The Politics of Poverty Alleviation Programmes in Nigeria.


The disease of poverty alleviation programmes more often than not dislocates a system thereby resulting to social, political and economic unrest of the people.

It is in view of these problems that various governments in Nigeria both past and present established different institutions and programmes aimed at reducing poverty.

These includes: National Directorate of Employment (NDE), Directorate of Food, Roads and Rural Infrastructure (DFFRI), Green Revolution (GR), Operation Feed the Nation (OFN),

Better Life for Rural Women (BLRW), Family Support Programme (FSP), Family Economic Advancement Programme (FEAP) and Poverty Alleviation Programme (PAP).

In spite of the billions of naira pumped into these programmes, not much has been achieved in reducing poverty in our society.

In fact, some government policies such as Structural Adjustment Programme (SAP) and the implementation of IMF loan conditionalities have rendered useless the strategies aimed at alleviating poverty.

Amongst the reasons why the past poverty alleviation attempts failed were the politics of personal rule- a distinctive type of political system in which the rivalries and struggle of powerful and willful men, rather than impersonal institutions, ideologies, public policies, or class interest, are fundamental in shaping political life.

It is a monopolistic politics as against pluralistic or multiparty politics. It is usually a civilian one-party state or a military dictatorship.

(There is overwhelming believe that Obasanjo’s PDP government was shifted towards a full blown one-party state). It is therefore, the politics of Big-men who are a considerable distance from the ordinary people.


Background of Study

The rising profile of poverty in Nigeria is assuming a worrisome dimension as empirical studies have shown (UNDP 2010). Nigeria has at least half of its population living in abject poverty (Ojo, 2010).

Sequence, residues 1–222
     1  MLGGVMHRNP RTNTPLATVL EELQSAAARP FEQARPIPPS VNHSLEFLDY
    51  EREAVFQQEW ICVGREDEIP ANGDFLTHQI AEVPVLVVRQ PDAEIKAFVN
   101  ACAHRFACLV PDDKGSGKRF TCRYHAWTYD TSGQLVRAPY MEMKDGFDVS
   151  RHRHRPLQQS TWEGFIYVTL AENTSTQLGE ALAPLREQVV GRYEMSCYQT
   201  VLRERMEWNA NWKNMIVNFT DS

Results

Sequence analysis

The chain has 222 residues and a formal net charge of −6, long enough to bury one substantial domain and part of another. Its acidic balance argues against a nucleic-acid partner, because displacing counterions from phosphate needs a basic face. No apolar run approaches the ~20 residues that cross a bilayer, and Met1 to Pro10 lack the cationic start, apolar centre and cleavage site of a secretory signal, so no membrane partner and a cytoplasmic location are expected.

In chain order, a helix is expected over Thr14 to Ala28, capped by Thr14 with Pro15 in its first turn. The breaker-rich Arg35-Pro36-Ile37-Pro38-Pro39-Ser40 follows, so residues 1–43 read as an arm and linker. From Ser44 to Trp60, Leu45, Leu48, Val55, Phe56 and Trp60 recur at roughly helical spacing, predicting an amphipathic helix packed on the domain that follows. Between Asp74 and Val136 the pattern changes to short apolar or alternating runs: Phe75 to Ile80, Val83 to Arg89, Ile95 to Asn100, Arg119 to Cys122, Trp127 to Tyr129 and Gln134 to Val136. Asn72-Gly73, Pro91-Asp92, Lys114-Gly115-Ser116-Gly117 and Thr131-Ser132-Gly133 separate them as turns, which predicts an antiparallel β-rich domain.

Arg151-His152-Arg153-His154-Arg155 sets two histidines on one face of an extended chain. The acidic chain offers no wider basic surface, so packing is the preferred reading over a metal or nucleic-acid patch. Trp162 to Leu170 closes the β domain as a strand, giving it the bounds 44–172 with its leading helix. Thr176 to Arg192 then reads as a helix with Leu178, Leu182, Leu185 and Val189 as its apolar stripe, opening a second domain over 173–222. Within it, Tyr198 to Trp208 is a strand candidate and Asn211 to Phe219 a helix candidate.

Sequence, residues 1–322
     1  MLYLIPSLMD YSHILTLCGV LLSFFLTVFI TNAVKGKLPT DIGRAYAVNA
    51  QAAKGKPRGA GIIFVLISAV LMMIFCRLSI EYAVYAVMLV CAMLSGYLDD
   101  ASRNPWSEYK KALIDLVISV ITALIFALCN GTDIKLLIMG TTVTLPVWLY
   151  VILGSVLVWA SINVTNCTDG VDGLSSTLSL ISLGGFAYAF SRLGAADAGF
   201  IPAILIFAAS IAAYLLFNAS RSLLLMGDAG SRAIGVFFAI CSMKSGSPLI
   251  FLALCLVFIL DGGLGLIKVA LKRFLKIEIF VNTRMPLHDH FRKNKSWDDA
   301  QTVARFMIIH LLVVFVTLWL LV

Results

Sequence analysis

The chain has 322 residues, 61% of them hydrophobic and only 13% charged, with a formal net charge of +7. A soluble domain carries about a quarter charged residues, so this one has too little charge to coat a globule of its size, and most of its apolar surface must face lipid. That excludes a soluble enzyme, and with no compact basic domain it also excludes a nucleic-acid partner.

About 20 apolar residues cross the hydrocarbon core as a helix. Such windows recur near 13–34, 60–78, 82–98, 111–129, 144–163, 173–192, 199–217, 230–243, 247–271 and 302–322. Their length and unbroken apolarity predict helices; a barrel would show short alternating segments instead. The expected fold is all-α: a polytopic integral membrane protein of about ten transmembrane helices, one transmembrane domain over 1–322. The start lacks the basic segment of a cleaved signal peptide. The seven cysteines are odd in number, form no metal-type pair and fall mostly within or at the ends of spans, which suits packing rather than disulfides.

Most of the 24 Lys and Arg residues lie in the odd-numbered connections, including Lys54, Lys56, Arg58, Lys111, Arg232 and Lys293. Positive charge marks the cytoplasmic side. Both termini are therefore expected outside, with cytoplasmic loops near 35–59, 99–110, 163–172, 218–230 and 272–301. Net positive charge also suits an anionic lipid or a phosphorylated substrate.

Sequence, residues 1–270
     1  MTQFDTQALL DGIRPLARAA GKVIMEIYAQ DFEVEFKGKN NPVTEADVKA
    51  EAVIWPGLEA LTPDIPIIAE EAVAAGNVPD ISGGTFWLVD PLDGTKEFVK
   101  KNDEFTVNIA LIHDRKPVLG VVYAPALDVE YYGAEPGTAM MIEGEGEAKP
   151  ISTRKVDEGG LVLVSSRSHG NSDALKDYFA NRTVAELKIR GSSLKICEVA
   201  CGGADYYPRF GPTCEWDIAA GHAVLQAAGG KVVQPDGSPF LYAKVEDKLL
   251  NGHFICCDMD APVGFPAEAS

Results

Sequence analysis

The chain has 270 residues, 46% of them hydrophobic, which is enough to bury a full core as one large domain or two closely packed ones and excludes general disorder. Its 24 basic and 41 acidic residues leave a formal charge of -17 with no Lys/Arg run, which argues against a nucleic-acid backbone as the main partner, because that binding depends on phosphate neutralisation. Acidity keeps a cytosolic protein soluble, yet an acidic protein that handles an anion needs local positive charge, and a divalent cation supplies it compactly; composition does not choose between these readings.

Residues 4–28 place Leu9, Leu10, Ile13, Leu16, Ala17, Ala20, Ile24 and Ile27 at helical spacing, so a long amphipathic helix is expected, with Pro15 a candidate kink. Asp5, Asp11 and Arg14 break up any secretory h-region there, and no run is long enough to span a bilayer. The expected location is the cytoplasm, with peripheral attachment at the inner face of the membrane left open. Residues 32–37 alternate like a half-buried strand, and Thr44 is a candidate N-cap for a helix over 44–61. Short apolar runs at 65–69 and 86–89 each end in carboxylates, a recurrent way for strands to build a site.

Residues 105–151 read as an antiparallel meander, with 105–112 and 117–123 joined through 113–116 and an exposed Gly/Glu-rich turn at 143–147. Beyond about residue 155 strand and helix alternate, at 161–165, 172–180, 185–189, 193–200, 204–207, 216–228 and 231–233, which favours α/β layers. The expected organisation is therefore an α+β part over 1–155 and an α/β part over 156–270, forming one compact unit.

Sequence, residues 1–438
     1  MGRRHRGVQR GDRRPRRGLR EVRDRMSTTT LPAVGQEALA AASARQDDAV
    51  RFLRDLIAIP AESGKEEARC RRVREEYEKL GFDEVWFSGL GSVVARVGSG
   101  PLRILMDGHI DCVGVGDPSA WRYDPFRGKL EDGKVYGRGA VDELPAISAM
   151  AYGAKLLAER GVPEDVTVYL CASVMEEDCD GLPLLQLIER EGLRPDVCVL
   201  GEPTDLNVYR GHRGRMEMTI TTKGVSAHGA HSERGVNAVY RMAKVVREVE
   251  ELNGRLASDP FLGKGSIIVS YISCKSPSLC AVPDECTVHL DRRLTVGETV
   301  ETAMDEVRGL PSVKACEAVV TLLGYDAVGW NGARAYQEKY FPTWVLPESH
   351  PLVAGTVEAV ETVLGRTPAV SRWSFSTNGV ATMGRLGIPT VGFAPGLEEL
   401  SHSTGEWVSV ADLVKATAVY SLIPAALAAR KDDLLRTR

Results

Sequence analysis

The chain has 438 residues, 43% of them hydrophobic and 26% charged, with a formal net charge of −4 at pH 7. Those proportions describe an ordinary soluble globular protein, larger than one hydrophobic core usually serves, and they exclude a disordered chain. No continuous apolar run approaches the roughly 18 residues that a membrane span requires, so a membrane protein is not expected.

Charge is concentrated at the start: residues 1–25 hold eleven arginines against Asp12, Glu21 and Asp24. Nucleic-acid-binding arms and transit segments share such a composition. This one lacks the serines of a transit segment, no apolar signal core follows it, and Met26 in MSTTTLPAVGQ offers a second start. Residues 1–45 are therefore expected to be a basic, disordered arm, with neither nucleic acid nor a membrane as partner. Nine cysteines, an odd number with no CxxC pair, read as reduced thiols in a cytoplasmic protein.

Similarly, the publication of the Federal Office of Statistics (1996) reveals that poverty has been massive, pervasive, and engulfs a large proportion of the Nigerian society.

Abiola and Olaopa (2008) states that the scourge of poverty in Nigeria is an incontrovertible fact, which results in hunger, ignorance, malnutrition, disease, unemployment, poor access to credit facilities, and low life expectancy as well as a general level of human hopelessness.

Moore (2002) asserts that Nigeria presents a paradox. The country is rich, but the people are poor. As noted by Akintude (2005), Nigeria is richly endowed and the country’s wealth potentials manifest in the forms of natural, geographical, and socioeconomic factors.

With this condition, Nigeria should rank among the richest countries of the world that should have no business with extreme poverty.

However, Okpe and Abu (2009) perspicaciously remark that Nigeria has witnessed a monumental increase in the level of poverty. According to them, the poverty level stood at 74.2 percent in the year 2000.

Nigeria has been characterized as a country of “poverty amid plenty” (UNDP, 2010). As observed by Ravallion (1992), the world’s per capita income as of 2003 was $7,140. Compared to this, Nigeria’s per capita of $290 makes the country one of the poorest in the world.


Alleviating Poverty (Internet Document), E. Accessed June 20, 2011. Aliyu, A (Internet Document), http// E. Accessed June 20, 2011.

FRN (2000), Draft National Policy on Poverty Reduction. December, 2000.

Federal Office of Statistics (1996), Socio-Economic Profile of Nigeria, 1996, FOS Lagos.

Obandan, M.I. (2007), Poverty Alleviation in Nigeria. The Way Forward in CBN Economic and

Financial Review, Vol.39, No.4.Participatory Poverty Assessments (Internet Document), http:www.esrftz.ppas.html/.E. Accessed July, 2 2011.

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